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A Berth on the London

By Judith Proctor
Page 1 of 4

"This is the limit of your world from now on," Raiker said. "It has mess facilities, sleeping bays, a recreation area. Sort out amongst yourselves how you use it. There are other rules, but you'll find out what they are when you break them. That's all. Clear your harnesses; you're at liberty to move."

      Jenna unfastened herself cautiously and stretched her arms. There seemed little point in hurrying: others were closer to the door than herself. If there were any bunks in good positions, they would be gone by the time she got there. Besides, it would be one thing obtaining a good bunk, quite another holding onto it. The men here were the real dregs of Federation society - thieves, murderers, gun runners, child molesters. She put a brief mental reservation against the last category. Blake had seemed very determined where his innocence was concerned. Perhaps more to the point, his advocate had seemed to believe it. Advocates were a tough nosed group as a rule - hers certainly hadn't been much help.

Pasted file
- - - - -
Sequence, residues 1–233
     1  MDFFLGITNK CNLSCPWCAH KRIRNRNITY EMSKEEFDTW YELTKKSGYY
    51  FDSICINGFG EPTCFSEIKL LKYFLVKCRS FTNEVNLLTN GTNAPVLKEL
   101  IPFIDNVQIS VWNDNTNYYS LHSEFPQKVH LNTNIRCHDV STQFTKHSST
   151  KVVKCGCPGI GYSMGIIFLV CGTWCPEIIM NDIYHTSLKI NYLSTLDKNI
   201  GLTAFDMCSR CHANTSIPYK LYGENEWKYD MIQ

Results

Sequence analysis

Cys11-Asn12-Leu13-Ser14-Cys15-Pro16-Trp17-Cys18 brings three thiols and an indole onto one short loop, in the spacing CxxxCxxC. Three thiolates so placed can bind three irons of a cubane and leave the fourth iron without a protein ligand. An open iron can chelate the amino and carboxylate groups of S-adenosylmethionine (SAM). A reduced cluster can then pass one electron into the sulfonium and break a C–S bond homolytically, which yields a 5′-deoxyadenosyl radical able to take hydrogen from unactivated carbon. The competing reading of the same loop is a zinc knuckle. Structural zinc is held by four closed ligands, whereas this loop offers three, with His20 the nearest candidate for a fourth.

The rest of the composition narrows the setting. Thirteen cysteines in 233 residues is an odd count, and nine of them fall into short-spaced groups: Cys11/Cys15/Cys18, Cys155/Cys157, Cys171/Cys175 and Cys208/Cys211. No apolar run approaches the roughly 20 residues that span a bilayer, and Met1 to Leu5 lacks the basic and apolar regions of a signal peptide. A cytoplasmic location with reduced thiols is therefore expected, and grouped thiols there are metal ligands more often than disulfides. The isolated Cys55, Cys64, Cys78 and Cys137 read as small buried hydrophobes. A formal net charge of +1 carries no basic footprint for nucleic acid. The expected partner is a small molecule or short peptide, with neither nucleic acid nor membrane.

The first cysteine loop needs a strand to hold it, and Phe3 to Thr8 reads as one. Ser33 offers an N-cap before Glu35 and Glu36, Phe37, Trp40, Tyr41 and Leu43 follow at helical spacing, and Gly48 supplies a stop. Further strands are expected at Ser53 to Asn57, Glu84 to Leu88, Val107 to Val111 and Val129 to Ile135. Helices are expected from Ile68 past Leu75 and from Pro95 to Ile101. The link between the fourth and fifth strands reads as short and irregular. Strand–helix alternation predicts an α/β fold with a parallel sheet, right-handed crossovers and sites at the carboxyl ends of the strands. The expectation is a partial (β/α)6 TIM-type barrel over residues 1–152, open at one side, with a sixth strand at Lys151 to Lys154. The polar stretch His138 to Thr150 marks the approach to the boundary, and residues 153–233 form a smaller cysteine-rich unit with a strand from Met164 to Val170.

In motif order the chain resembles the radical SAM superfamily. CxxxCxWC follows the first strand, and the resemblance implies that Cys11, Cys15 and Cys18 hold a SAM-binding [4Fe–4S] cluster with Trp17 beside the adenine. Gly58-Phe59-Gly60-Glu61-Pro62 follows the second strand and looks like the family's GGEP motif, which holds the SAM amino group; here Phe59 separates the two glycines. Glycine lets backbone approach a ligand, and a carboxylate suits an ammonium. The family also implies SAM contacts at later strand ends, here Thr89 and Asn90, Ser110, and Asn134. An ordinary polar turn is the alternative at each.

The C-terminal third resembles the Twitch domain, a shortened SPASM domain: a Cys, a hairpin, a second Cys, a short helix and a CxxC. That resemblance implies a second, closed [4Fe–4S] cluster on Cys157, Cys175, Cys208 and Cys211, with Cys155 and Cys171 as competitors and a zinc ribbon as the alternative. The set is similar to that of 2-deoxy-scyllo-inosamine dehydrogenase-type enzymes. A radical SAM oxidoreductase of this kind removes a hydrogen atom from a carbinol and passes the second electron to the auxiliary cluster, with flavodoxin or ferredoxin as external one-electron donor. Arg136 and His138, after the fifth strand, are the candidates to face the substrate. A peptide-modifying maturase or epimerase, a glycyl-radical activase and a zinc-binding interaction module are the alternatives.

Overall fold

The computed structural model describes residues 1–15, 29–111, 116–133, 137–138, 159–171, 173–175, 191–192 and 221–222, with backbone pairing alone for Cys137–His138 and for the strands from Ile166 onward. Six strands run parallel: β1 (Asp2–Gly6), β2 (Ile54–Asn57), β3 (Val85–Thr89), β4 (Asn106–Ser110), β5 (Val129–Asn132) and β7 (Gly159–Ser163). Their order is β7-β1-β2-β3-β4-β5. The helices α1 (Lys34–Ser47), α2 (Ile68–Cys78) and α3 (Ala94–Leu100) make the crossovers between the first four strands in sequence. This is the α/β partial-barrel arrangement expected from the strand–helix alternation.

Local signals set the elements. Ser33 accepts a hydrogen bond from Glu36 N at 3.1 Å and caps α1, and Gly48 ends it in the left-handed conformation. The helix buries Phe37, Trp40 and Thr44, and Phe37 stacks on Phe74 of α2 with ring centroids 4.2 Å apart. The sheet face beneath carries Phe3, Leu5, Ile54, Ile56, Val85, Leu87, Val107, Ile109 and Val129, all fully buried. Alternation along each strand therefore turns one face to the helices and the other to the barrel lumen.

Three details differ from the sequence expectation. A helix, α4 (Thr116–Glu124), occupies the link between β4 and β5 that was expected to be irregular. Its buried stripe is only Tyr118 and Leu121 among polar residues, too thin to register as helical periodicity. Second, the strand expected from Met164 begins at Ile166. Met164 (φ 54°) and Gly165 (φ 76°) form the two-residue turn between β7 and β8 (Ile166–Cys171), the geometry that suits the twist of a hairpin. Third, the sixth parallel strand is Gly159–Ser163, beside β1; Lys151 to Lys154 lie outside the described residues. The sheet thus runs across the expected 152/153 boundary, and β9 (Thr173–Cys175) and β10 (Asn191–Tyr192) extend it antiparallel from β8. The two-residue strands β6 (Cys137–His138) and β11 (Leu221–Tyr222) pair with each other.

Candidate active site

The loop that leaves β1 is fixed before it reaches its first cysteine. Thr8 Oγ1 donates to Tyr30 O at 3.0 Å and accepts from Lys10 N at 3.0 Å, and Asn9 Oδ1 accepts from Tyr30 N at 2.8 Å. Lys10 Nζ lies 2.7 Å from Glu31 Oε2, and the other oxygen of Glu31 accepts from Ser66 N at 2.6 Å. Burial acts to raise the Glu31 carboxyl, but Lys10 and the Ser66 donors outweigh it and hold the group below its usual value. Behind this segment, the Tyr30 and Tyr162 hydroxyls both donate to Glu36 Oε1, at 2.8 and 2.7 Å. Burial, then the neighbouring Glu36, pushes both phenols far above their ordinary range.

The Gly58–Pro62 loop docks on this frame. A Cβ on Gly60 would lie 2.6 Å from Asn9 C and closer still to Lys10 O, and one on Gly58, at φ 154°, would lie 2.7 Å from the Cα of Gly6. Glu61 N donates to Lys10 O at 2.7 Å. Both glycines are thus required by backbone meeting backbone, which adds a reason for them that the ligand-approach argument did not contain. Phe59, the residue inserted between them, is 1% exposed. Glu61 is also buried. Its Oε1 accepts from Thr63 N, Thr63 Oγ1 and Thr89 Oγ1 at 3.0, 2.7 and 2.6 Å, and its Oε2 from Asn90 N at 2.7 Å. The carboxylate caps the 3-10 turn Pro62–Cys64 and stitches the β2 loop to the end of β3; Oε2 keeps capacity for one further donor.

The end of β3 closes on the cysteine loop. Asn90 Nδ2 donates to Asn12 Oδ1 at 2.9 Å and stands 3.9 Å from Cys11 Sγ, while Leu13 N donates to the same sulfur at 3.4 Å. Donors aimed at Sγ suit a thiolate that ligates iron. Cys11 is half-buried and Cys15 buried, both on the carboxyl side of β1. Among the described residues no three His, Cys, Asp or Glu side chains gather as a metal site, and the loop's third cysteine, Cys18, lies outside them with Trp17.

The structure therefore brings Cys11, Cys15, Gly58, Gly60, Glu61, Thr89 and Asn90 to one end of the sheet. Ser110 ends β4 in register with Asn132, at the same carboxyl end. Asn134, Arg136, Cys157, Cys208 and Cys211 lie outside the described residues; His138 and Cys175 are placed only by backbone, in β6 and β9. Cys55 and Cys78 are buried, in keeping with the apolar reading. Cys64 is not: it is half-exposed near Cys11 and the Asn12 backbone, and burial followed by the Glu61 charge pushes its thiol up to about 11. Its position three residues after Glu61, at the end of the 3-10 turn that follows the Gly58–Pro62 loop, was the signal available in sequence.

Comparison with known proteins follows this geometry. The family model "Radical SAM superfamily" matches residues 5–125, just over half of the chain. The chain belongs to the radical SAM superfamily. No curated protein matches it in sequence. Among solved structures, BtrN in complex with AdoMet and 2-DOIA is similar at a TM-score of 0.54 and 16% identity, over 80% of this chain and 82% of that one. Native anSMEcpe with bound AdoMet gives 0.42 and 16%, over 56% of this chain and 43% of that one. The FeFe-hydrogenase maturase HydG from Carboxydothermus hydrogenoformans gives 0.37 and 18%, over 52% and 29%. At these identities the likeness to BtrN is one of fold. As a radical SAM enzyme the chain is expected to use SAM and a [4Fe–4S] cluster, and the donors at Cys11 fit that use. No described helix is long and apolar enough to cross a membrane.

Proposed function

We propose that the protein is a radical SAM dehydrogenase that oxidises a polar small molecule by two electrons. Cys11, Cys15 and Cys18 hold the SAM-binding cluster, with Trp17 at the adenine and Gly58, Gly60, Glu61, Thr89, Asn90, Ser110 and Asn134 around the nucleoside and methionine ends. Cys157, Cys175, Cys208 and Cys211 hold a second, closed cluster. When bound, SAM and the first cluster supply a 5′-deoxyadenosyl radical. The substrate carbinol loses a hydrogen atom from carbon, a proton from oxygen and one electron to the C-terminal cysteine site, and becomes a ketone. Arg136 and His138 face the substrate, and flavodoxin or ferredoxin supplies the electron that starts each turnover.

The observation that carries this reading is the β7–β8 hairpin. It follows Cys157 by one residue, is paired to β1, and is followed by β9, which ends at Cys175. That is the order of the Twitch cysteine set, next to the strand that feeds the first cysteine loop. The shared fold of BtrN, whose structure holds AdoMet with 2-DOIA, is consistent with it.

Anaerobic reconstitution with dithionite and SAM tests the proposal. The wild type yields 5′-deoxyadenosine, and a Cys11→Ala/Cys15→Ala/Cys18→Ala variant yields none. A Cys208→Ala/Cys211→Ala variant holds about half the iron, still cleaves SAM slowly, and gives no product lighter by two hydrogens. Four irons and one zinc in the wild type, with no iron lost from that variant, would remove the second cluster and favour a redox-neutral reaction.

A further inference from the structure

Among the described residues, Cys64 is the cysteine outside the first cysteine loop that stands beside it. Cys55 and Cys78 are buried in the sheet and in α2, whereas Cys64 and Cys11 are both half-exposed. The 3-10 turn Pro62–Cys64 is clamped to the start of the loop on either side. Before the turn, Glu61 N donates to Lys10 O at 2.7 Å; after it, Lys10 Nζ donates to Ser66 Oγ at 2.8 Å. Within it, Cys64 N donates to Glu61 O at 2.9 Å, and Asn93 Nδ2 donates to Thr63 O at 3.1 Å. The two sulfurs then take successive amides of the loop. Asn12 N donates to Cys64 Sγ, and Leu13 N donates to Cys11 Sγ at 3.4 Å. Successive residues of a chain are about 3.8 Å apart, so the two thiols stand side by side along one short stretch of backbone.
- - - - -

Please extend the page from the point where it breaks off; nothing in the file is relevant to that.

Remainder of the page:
Jenna put that thought to one side. It was no use thinking of the past. Only the future was relevant now. She walked through the door into the next section. It was about as she had expected it to be, cramped and completely lacking in privacy.

      "Hey, Jenna!" It was Vila. "I've saved you a bunk. You can have the one under mine."

      It wouldn't have been her own choice, but it would do for the time being. She fingered the thin blanket, and noted with some relief that they had at least been provided with night clothes. The prisoners hadn't been allowed to bring any personal possessions at all, apart from what they were actually wearing. And their clothes had been carefully checked to make sure there were no concealed weapons of any kind.